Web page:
“You are only a barbarian; how should you understand that the attractions of civilization lie in its multiplications of the forms of vice? Men would not bear its yoke an hour if it did not in return facilitate their sins. You are an outcast from it;—so you have kept your hands honest and your lips pure. You may be right to be thankful—I would not pretend to decide.”

“At least—I would not be as they are,” she answered him with a curl of the mouth, and a gleam in her eyes: the pride of the old nomadic tribes, whose blood was in her, asserting itself against the claimed superiority of the tamed and hearth‐bound races—blood that ran free and fearless to the measure of boundless winds and rushing waters; that made the forest and the plain, the dawn and the darkness, the flight of the wild roe and the hiding‐place of the wood‐pigeon, dearer than any roof‐tree, sweeter than any nuptial bed.

She had left the old life so long;—so long that even her memories of it were dim as dreams, and its language had died off her lips in all save the broken catches of her songs; but the impulses of it were in her, vivid and ineradicable, and the scorn with which the cowed and timid races of shed and of homestead regarded her, she, the daughter of Taric, gave back to them in tenfold measure.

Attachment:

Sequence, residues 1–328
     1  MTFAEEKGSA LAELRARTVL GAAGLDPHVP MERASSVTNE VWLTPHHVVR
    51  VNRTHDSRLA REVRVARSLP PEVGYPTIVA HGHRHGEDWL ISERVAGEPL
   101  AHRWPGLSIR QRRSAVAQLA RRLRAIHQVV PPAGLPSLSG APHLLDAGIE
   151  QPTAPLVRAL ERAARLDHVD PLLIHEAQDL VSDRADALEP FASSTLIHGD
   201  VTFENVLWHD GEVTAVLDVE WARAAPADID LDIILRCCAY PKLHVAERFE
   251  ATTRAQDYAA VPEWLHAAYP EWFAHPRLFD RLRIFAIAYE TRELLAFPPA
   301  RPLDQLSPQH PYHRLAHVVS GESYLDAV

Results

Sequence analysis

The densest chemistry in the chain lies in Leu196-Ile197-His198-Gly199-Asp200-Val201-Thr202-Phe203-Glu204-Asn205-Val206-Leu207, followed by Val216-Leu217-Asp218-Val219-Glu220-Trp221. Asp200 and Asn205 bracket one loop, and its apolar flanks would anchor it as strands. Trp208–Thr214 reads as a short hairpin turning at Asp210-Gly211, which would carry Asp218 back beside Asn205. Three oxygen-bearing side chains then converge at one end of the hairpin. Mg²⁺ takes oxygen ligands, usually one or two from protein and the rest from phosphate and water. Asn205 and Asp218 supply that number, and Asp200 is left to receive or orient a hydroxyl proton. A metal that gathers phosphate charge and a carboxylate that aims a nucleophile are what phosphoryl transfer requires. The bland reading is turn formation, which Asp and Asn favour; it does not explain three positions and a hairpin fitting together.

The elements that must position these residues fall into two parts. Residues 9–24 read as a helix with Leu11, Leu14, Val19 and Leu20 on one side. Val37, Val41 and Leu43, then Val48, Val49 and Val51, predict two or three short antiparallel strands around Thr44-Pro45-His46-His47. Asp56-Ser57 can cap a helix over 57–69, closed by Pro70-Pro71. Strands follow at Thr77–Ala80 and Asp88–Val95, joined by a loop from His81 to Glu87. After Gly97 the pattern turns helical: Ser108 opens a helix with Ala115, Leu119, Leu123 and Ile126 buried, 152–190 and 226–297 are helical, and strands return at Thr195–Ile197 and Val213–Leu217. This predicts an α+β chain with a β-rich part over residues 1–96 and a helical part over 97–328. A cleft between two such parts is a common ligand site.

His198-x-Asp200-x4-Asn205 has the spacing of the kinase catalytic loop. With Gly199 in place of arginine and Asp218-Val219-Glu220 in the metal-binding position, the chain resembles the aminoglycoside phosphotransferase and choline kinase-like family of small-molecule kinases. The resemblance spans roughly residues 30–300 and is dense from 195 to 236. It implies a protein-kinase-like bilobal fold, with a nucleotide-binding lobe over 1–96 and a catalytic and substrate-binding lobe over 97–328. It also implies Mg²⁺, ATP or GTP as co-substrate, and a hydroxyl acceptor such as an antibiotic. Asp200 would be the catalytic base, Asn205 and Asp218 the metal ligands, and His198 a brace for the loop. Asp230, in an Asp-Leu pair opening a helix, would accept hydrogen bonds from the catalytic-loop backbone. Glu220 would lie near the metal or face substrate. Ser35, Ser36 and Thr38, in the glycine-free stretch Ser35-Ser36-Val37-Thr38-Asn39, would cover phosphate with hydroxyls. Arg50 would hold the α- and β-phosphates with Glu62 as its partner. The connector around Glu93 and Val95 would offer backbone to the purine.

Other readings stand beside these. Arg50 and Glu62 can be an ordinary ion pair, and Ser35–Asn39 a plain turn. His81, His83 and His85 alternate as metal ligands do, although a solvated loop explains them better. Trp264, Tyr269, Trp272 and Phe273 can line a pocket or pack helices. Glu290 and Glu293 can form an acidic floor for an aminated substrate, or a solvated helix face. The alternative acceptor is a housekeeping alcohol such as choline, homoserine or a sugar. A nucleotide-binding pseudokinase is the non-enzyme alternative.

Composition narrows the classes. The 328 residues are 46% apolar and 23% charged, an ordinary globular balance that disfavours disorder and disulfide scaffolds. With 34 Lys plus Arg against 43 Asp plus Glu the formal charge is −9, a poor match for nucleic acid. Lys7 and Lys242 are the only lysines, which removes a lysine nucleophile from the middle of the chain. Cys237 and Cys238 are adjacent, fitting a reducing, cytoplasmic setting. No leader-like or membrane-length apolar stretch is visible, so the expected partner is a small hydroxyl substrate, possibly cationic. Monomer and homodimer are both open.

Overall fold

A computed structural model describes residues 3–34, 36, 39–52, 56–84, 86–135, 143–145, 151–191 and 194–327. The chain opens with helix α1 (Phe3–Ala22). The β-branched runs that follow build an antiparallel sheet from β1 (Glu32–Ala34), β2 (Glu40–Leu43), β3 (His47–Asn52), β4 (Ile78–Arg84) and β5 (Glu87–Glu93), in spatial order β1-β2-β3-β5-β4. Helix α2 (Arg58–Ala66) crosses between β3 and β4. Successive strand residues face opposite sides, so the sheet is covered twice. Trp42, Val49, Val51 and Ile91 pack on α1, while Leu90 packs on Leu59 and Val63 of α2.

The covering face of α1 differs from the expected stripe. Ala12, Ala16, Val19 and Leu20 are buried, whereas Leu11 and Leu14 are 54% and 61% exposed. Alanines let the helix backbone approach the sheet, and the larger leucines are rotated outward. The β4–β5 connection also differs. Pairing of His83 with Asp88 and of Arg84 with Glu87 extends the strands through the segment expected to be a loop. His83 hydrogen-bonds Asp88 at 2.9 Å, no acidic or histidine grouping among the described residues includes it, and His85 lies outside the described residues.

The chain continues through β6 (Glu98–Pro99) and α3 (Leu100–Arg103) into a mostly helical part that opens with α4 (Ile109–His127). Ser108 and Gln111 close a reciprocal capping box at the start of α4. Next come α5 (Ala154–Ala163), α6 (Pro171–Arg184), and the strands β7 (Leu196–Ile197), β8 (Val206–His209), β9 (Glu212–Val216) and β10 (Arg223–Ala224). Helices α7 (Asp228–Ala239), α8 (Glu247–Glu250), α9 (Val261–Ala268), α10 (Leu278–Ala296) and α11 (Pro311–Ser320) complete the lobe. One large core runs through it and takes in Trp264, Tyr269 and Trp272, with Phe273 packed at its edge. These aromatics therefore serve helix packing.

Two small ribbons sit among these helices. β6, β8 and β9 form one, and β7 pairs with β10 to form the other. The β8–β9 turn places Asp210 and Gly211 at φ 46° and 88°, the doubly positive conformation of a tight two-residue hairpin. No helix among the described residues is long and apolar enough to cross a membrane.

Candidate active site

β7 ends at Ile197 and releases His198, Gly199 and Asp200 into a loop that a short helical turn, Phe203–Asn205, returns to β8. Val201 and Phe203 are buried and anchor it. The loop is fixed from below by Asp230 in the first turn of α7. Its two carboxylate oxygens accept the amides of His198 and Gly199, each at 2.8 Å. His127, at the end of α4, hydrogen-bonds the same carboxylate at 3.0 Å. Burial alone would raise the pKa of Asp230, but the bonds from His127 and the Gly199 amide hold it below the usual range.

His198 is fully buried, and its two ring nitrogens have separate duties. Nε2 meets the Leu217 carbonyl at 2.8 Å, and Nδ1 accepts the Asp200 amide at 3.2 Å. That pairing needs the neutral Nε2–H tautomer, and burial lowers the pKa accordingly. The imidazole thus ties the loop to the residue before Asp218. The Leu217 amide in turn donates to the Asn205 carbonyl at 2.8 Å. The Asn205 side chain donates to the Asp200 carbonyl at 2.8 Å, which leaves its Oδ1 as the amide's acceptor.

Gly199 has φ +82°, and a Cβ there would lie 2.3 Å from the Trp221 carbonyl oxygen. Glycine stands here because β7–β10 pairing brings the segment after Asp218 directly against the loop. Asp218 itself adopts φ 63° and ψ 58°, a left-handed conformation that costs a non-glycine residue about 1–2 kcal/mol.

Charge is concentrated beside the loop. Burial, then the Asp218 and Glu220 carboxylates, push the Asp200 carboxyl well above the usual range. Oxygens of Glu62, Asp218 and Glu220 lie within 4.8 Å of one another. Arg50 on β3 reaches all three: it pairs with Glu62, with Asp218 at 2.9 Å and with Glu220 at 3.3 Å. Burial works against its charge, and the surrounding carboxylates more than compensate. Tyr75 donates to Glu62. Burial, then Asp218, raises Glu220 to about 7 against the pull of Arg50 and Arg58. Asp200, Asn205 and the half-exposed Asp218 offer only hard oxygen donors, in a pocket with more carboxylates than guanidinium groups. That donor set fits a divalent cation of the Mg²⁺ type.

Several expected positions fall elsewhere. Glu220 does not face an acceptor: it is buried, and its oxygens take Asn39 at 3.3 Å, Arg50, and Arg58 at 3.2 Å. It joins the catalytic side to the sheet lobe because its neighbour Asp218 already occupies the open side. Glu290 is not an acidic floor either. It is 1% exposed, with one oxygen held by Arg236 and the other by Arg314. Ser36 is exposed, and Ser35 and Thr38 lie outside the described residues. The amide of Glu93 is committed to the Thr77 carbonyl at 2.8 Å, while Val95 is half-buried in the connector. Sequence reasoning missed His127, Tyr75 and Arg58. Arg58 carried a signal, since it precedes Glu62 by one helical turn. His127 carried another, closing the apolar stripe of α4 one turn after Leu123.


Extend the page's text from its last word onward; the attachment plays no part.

“I would not be as they are!” she repeated. “To sit and spin; to watch their soup pot boil; to spend their days under a close roof; to shut the stars out, and cover themselves in their beds, as swine do with their straw in the sty; to huddle altogether in thousands, fearing to do what they will, lest the tongue of their neighbour wag evil of it; to page: 311 cheat a little and steal a little, and lie always when the false word serves them, and to mutter to themselves, ‘God will wash us free of our sins,’ and then to go and sin again stealthily, thinking men will not see and sure that their God will give them a quittance;—that is their life. I would not be as they are.”

And her spirits rose, and her earliest life in the Liébana seemed to flash on her for one moment clear and bright through the veil of the weary years, and she walked erect and swiftly through the gorse, singing by his side the bold burden of one of the old sweet songs.